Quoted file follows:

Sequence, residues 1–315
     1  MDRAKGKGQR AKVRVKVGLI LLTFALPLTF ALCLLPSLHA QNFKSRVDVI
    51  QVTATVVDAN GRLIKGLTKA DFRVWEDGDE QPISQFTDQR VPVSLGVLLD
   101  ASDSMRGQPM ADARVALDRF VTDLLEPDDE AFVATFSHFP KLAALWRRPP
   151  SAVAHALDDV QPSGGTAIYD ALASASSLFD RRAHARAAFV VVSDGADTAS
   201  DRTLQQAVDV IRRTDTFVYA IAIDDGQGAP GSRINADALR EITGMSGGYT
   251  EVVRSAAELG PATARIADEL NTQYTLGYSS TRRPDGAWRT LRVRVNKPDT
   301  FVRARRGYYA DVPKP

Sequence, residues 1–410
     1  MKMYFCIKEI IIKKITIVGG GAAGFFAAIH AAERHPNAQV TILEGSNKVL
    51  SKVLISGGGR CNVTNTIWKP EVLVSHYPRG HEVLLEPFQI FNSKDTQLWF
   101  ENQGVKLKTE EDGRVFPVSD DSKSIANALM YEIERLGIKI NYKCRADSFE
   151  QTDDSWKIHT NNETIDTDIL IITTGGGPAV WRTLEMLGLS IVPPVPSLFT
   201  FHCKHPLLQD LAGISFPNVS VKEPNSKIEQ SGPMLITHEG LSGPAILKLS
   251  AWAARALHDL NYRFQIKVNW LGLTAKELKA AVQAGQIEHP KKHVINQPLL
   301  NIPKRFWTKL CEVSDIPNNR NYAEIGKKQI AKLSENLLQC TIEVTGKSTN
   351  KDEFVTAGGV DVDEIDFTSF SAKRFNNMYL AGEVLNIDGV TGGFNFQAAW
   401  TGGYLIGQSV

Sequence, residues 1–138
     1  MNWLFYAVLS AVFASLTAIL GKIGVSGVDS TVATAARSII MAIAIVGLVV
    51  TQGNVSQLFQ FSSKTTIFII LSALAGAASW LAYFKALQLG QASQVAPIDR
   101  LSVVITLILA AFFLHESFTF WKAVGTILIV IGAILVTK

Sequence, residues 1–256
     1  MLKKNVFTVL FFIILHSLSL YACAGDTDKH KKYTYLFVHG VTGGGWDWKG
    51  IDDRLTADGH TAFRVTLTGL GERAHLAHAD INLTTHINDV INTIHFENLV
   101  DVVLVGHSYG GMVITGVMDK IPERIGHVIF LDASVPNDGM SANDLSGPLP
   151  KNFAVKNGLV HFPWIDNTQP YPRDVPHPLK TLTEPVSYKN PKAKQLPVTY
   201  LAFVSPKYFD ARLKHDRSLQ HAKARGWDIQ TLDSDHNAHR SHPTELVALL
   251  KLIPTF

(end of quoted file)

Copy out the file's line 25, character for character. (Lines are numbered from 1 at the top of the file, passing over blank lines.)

    51  IDDRLTADGH TAFRVTLTGL GERAHLAHAD INLTTHINDV INTIHFENLV